Many natural and technological processes involve phenomena which take place over widely differing scales of time and space. The advent of novel micro and nanofabrication techniques is challenging the scientific community to design engineering structures with submicrometer feature size in many fields of applications. New technologies offer the designer the ability to tailor complex 3D architectures, with unprecedented effective properties which are unmatched by their single-phase homogeneous counterparts. The development of these new technologies also hinges on comprehensive theoretical modeling and computational predictions.

Multiscale systems pose considerable difficulties. Traditional monoscale approaches are inadequate, even with sustained progress in computational power, hence the need for systematic multiscale modeling and simulation methods.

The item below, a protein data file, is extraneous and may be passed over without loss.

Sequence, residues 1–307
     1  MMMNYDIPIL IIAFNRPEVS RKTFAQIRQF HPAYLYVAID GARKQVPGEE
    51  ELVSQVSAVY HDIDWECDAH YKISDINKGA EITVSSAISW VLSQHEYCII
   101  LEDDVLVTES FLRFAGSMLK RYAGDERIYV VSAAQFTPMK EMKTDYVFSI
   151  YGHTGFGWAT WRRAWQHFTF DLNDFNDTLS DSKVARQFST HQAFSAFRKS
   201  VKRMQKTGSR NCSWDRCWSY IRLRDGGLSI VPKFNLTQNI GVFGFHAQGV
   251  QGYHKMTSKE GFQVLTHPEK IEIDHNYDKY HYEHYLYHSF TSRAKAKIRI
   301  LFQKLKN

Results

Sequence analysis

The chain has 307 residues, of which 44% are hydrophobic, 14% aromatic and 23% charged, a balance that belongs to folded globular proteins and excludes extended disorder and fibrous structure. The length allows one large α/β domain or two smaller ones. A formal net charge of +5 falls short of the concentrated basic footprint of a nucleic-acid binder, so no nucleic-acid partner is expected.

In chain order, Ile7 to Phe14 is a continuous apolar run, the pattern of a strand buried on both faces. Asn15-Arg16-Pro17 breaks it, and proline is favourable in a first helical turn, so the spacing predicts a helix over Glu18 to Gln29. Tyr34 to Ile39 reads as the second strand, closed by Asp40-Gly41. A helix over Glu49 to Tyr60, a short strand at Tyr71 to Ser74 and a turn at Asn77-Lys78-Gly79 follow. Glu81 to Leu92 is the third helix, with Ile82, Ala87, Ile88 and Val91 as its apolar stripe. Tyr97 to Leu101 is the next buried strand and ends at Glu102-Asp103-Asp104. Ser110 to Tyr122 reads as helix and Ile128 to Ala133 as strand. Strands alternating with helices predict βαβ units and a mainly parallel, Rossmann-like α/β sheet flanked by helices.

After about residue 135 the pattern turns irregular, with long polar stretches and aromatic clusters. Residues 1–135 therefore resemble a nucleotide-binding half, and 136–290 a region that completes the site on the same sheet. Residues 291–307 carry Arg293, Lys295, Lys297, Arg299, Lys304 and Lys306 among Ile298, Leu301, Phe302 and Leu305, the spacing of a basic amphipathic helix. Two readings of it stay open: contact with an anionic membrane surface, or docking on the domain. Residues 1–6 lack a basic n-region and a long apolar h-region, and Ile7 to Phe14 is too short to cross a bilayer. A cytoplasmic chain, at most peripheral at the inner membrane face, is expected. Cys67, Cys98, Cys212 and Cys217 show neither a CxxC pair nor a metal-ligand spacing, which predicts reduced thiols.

The role of multiscale methods is to provide the link between the microscopic features of a material and its macroscopic properties. They provide a fundamental understanding of how microstructure affects a material’s properties and performance. Although the microscopic details of the system have a significant effect on its behavior, we are often not interested in the knowledge of its behavior on the smallest scale. In fact, such solutions are not computationally feasible.

This course is organized in three parts:



  1. Examples of multiscale materials.

  2. The challenge of multiscale problems & goals of a multiscale theory.

  3. Historical Background.

Part I: Theory

  1. Effective Medium Theory: Maxwell–Garnett Theory, Bruggeman Theory, Green’s functions formulation.

  2. Bergman’s spectral representation of effective properties.

  3. Homogenization Theory of periodic composites: multiscale asymptotic expansions applied to linear, elliptic multiscale problems (conduction, elasticity).

  4. Exactly soluble models. Optimal bounds and the concentric shell model. Convergence properties & error estimates. Correctors.